Grape seed shows small effect on blood pressure

(Reuters) — Grape seed extract is marketed as a way to guard your heart health, but clinical trials so far suggest the supplement has small effects on blood pressure and heart rate, a new review finds.

Pooling the results from nine clinical trials, researchers found that on average grape seed extract shaved about 1.5 points from people’s systolic blood pressure — the top number in a blood pressure reading.

The supplement also slowed users’ heart rate down by an average of 1.4 beats per minute compared with a dummy pill.

Those effects are modest — though still potentially meaningful, according to senior researcher Craig I. Coleman, an associate professor at the University of Connecticut School of Pharmacy in Storrs.

He noted that past studies have estimated that a blood pressure reduction of just 3 points can trim the risk of premature death among people who have heart disease or have suffered a stroke.

“Not huge reductions,” Coleman told Reuters Health in an email, “but not inconsequential either.”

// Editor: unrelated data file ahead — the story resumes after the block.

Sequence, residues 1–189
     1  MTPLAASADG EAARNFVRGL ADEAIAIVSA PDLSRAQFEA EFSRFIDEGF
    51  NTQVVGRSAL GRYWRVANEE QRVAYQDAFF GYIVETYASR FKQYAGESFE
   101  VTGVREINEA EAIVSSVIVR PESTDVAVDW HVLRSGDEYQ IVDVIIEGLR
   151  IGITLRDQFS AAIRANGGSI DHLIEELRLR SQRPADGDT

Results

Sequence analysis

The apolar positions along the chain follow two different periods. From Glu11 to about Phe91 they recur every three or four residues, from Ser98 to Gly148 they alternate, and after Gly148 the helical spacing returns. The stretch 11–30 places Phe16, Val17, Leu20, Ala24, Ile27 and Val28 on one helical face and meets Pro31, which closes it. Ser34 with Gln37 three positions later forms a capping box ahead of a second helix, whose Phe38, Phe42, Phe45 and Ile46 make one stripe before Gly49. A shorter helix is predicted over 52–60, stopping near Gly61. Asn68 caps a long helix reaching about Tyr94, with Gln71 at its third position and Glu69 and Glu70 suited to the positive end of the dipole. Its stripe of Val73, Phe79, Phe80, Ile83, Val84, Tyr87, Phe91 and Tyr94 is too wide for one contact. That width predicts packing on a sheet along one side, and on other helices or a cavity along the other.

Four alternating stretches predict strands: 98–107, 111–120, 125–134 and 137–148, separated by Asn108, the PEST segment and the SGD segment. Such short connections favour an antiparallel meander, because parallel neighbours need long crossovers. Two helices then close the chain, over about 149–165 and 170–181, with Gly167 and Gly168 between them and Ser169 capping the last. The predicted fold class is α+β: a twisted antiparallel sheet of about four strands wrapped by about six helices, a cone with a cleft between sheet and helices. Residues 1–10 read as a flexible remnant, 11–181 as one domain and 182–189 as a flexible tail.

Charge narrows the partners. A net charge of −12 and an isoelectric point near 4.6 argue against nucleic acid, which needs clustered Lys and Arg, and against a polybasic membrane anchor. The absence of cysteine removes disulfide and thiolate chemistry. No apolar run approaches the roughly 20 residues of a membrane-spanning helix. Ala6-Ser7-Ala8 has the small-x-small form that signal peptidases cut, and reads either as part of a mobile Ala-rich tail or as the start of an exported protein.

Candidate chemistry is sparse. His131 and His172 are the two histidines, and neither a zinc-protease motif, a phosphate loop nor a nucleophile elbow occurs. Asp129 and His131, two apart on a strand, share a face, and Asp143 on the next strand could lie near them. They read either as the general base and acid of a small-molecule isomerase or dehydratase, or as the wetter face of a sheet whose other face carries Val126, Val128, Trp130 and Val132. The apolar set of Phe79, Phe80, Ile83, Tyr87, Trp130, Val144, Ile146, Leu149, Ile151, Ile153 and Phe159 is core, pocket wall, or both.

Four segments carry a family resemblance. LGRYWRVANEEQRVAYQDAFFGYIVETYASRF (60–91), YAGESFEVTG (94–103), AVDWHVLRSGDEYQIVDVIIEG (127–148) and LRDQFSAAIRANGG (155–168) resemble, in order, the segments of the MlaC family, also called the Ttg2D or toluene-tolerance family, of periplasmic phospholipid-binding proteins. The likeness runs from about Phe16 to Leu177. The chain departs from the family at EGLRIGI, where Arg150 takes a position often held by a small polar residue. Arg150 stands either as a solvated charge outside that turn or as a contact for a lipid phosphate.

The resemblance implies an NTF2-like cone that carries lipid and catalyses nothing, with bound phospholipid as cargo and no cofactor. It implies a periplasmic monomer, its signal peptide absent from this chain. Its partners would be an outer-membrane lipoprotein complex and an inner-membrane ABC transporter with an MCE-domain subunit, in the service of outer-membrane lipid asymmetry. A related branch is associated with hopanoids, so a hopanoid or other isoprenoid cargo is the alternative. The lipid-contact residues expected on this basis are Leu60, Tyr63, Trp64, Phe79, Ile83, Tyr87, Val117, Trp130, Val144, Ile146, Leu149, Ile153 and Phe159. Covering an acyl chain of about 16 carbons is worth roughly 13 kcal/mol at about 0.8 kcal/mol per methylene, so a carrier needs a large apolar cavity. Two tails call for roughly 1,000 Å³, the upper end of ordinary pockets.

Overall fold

Still, diet changes — like reducing sodium and getting plenty of fruit, vegetables, whole grains and lean protein — have shown bigger effects on blood pressure numbers. So too have blood pressure medications, which some people may need to get their numbers under control.

Even more importantly, those steps may help prevent heart disease and stroke.

“Unlike diet and exercise,” Coleman said, “there is no data with grape seed extract showing it will reduce patients’ risk of heart attacks or strokes.”

Among healthy seniors, the risk of stroke is generally low even with high blood pressure. Over 10 years, for instance, a 60-year-old man who doesn’t smoke and doesn’t have diabetes has a 3-to-10 percent chance of suffering a stroke, depending on his blood pressure.


1 Star2 Stars3 Stars4 Stars5 Stars (4 votes, average: 3.50 out of 5)
Loading ... Loading ...